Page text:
It’s that time of the year where nature makes every tough life lesson seem beautiful. A couple of them are the acceptance of major changes, moving away from the comfort zone you’ve gotten used to and growing in a new environment. I love watching the leaves do their thing of slipping from one side of the colour wheel to the other. This subtle yet dramatic change teaches me how acceptable and beautiful change can be without any despair or drama. Therefore, how can I think of change as being disquieting when I find solace in seeing the fiery tones of Autumn that once used to be green.
Autumn gives me a great sense of renewal, and it all begins with the trees. Though in opposites we work. While I add an extra layer or two to protect myself from the brisk chills, the trees shed their leaves. Doing this helps the trees conserve water and energy, they reabsorb nutrients from the leaves (before they fall) and store them in their roots. Fighting the chilly winds, I will take however much time needed to be surrounded by nature and soak up the energy radiated from trees.
The phrase “I need to get out more” shouldn’t be taken so lightly by me or anyone. I can’t stress how important nature walks are. I appreciate them so much more post lockdown. I wish I could say I enjoy my short strolls in the woods but as a Londoner, I don’t live that close to any forest, apart from Epping but that’s still a train plus bus or cab journey away. However, I’m lucky to live next to marshes, a canal and the Olympic Park. Where I get to enjoy a patch of nature in all three locations.
Trees provide breathable air and overall good well-being emotionally and physically. Research has found that spending as little as three minutes surrounded by greenery reduces stress levels and blood pressure. Simply put, nature is excellent for our mental health. Therefore, I always seek some precious quiet time with mother nature to help me feel mindfully grounded and to reconnect myself with earthly roots. Whether I’m walking along a path or sitting under a canopy of trees I pay attention to each of my soothing senses. I feel my breathing deepen as I take in what I call organic fresh air, my eyes continuously lookout for uncountable colours, my ears listen to the rustling of trees blowing in the wind and singing birds and my mind quietens for the peaceful rhythm of nature. Here my healing process begins.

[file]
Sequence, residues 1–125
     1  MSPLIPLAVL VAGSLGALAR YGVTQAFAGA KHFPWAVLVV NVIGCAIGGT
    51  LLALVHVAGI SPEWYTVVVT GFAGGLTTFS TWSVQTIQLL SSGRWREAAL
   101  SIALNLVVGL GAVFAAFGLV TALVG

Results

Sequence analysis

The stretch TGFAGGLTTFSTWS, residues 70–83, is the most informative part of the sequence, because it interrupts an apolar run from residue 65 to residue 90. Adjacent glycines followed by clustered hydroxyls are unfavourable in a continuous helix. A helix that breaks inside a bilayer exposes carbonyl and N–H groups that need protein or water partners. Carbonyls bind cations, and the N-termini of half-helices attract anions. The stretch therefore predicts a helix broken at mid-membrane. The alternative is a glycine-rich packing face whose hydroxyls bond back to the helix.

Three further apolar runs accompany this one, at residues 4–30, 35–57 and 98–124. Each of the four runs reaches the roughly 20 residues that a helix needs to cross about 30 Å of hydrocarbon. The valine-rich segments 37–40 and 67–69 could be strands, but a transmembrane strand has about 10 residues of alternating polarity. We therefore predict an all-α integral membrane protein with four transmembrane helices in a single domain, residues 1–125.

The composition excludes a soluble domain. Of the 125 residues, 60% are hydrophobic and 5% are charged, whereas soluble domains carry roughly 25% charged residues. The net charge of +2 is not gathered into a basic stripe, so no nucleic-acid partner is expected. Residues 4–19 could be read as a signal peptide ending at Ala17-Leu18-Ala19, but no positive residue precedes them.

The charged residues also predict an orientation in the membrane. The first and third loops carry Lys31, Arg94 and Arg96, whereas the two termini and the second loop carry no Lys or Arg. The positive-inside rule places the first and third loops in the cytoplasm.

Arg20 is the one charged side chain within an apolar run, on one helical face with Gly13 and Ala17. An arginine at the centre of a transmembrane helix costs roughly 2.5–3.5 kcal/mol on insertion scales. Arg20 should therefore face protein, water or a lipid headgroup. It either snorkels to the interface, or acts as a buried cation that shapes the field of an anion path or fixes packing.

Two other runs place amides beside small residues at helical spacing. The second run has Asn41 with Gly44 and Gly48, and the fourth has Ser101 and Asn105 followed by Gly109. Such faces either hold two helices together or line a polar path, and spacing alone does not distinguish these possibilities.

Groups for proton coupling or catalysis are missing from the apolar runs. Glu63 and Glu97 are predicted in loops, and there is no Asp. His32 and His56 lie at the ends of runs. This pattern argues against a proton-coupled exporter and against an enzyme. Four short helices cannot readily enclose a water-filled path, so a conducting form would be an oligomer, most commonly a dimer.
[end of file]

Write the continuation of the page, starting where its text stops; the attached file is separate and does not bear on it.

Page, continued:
Hailing all the way from Japan, there is a practice called shinrin-yoku, which translates as forest bathing. The term was first coined in the 1980s as a physiological and psychological exercise to offer an eco-antidote for those burned out by everyday stress. Ever since I heard about this form of ecotherapy I made it a part of my weekly self-care routine. The best therapy (talk it out with friends) sessions I’ve ever had, has always been on long walks in nature. They’ve simply helped clear my mind whilst breathing in fresh oxygen that’s emanated from leaves.